John Ainley: No one enjoys working for a ‘meddling’ CEO

One question I’m often asked by CEOs I work with is, ‘how do I know when is the right time to intervene and when is the right time to let people simply get on with the job?’ At the heart of this issue is understanding how to best develop the people that work for you and give them the responsibility they need to grow, while knowing that the eventual outcome for the business will be the right one.

An oscillating intervention style

Let’s take an example of a CEO who talks the talk when it comes to developing his team and empowering them to get on with the job but harbours inner concerns that they might not be doing the job in the way he wants it done. As a result he regularly intervenes – what you could call an ‘oscillating intervention style’ – in the areas entrusted to his team, sending mixed signals and leaving senior leaders around the business unsure as to what exactly they have control over and when that unexpected and unwelcome intervention from above will happen.

Another classic example is a CEO who has been newly promoted to the role. Perhaps she is not 100% certain in her own mind about the demands of her own role and also unsure about the capabilities of the senior leaders in her team. Again, the consequence can be a CEO who gets too involved in areas she should decisively delegate.

Consider your own strengths and weaknesses

What’s the answer? From a CEO’s perspective, it pays to consider your own strengths and be conscious about what you delegate. Have in place a mindset that you need to grow and develop the next generation and, while they will make mistakes, you need to allow them to make those mistakes and learn from them without your intervention.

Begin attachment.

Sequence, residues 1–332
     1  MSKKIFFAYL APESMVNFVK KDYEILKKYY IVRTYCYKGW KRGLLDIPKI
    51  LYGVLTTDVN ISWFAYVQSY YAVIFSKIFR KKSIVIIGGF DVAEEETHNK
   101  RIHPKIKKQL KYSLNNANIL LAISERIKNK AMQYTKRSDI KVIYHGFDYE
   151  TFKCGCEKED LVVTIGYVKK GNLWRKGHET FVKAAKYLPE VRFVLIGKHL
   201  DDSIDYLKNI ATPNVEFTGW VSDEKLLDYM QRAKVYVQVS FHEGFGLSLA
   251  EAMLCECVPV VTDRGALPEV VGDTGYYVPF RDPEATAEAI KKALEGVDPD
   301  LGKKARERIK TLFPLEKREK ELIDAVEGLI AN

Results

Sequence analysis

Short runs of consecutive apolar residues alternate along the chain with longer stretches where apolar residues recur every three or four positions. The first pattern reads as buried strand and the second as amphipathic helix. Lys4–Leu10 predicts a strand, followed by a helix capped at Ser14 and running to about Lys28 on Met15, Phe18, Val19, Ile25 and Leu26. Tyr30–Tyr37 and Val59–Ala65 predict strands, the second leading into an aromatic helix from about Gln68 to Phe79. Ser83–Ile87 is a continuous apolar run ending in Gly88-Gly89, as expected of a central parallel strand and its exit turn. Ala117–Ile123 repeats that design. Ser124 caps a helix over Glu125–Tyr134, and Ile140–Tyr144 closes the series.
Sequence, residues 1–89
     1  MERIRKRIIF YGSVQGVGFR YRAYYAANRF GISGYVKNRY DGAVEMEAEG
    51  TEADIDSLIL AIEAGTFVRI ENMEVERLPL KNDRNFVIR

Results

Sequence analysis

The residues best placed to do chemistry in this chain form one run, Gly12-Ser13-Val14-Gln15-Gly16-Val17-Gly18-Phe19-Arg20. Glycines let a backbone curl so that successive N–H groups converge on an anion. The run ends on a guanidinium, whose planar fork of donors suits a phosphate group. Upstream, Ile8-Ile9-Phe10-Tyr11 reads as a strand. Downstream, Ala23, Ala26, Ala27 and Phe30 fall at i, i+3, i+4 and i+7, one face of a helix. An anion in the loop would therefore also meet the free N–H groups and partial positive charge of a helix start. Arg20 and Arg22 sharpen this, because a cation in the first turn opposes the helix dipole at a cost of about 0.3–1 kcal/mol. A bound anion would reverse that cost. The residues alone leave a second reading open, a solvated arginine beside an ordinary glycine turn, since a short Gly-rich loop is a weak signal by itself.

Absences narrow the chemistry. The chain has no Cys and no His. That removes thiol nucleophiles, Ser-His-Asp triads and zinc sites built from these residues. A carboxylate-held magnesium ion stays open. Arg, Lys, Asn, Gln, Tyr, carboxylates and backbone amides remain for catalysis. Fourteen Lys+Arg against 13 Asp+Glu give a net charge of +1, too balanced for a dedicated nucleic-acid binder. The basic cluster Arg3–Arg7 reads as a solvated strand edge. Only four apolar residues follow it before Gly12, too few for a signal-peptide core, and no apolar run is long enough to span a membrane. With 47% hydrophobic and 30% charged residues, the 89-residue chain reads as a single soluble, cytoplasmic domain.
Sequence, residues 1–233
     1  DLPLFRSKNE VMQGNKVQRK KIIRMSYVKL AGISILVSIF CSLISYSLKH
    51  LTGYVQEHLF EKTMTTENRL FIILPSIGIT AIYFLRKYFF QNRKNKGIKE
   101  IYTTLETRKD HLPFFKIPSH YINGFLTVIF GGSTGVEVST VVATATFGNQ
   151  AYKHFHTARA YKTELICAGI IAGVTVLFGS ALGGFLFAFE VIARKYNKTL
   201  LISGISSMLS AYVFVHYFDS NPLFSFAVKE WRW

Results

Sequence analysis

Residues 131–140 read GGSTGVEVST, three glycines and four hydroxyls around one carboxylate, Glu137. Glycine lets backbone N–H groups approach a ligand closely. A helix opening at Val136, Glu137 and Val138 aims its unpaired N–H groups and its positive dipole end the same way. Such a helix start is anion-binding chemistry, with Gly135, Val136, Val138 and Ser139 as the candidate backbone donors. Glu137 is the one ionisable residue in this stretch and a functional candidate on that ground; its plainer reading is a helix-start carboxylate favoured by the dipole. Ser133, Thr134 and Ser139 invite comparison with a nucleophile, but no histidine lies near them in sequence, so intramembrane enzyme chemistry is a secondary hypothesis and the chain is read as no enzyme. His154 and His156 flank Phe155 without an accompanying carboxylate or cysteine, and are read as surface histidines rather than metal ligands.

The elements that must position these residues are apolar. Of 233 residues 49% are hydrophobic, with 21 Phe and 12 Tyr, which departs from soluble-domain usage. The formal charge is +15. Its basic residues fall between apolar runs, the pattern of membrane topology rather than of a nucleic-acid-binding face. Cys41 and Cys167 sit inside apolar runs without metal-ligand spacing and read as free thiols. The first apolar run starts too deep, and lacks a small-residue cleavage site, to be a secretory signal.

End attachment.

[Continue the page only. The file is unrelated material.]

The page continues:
Of course, having the confidence to decisively delegate is largely built on the quality of the team around you and taking time to build a team that complements your own strengths and weaknesses is important. You should be thinking about the outcomes as a CEO that you are looking for and appointing a team that can deliver those outcomes. While you shouldn’t compromise on the end result, you should be prepared to compromise on how you allow your team to get there.

Consistency is everything

Above all, consistency is very important. Your team need to know what to expect of you. Only then will you get the best from them and ultimately, the best results for your business.